How to Remove Oil-Based Stains From Clothing

How to Remove Oil Stains From Clothing

The Spruce / Hilary Allison

It's the worst feeling—you're enjoying a greasy piece of pizza or adding dressing to your favorite salad, and splash! A new oil stain lands on your clothes. Now, you're left wondering if you need to throw out your favorite shirt.

Oil stains can be difficult to get rid of fully, and the first problem could be that they are difficult to see. You might overlook the stain as it blends in with the color of your clothing, a slightly darkened area on the laundry. Add to this the fact that oil stains can commonly reappear just when you think you've seen the last of them, and you've got a tough stain to deal with.


Watch Now: How to Remove Cooking and Vegetable Oil Stains

How to Recognize Oil-Based Stains

It's also important to understand what kind of oil-based stain you're dealing with. There are two main types: petroleum-based and vegetable-based.

Once you know what type of stain you're dealing with, you're ready to gather your supplies and tackle the pesky little problem.

How Soon Should You Wash an Oil Stain?

To put it simply: as soon as possible. Oil stains are some of the most difficult to remove unless you get to them immediately. If clothing and the oil stain dry, the stain may be set permanently. When you see an oil stain land, act fact, and read on to learn how to remove oil stains from clothing.

What You'll Need

Equipment / Tools

Cleaning Tools

  • 1 rag or towel


Cleaning Products

  • 1 teaspoon mild dish soap
  • 1 teaspoon laundry detergent


Overhead view of materials needed to remove oil stains

The Spruce / Alicia Long

  1. Blot, Blot, Blot

    Once you see the stain, act fast. Grab a paper towel and gently blot to remove as much excess oil as possible. Don't press too hard, as you don't want to press the oil even deeper into the fabric. Light pressure should do the trick.

    Blotting an oil stain on a pair of jeans

    The Spruce / Alicia Long

  2. Choose a Soap and Treat the Stain

    Once you're done blotting your stain, grab your rag or towel and get it damp. Next, choose your soap. For petroleum-based stains, use mild dish soap. For vegetable-based stains, grab your favorite laundry detergent.

    Add a few drops of dish soap or detergent to the towel and gently rub the stain. You don't want to scrub as it may damage the fabric. Instead, use gentle pressure to get small suds going on the fabric. The suds will help break down the oil.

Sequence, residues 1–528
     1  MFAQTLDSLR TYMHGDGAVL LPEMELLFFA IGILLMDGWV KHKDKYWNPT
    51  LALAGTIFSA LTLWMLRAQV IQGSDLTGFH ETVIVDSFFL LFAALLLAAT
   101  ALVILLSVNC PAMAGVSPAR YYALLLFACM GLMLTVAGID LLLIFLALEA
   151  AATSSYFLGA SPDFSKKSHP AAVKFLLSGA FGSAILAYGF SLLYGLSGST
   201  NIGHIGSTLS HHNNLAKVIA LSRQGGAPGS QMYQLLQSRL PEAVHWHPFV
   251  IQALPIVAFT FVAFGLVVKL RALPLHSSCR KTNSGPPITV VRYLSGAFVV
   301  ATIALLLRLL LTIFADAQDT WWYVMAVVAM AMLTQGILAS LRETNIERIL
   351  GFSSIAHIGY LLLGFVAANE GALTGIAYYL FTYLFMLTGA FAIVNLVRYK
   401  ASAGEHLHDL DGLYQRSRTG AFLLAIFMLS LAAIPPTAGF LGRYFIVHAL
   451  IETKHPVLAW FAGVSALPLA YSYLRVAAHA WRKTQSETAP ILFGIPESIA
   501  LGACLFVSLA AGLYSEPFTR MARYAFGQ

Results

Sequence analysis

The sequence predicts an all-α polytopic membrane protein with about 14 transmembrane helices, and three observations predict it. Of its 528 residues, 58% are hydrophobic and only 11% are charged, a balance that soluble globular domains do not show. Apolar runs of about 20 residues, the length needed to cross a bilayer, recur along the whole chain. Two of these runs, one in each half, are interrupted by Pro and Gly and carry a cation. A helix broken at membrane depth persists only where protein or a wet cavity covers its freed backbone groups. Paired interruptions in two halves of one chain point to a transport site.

Treating an oil stain with soap

    The Spruce / Alicia Long

  3. Launder Your Garment

    Next, you're going to wash your clothes in the warmest water they can stand. The hot water will do a great job at penetrating the fibers and getting into the areas of the fabric that are holding on to the oil. If the fabric absolutely cannot take hot water, wash it in cold like normal, but the hotter, the better.

    Submerging the garment into a wash bin with detergent

    The Spruce / Alicia Long

  4. Check Stain Once Load Is Finished

    For the moment of truth—when the wash is done, check the stain to see if it's still stuck in the fabric. This step is a little tricky, as oil stains can be hard to spot in wet fabric since they usually just make a dark mark. Do your best to figure out if the oil is really gone, and let the fabric air dry if necessary.

    Checking if the stain has lifted

    The Spruce / Alicia Long

  5. Repeat If Necessary Before Drying

    If some oil still remains, repeat the process above until the stain is gone. do not dry clothes with oil stains in them. This will likely lock the stain into the fabric and create a permanent stain.

    Repeating the process if necessary

    The Spruce / Alicia Long

Additional Tips For Getting Rid of Oil Stains

  • If the oil is really stuck, you can try pretreating the stain with baking soda or cornstarch. This will help absorb the excess oil before you stain the soap and hot water process.
  • For durable fabric, you can also use a butter knife to scrape some of the oil off the top of the stain before treating it.
  • If you have a stain that is a combination of an oily stain and another type of stain, deal with the oil first.
  • If you're struggling to tell whether or not an oil stain was removed before drying, let the fabric air dry instead. If after that no darkness remains, you're okay to machine dry like normal.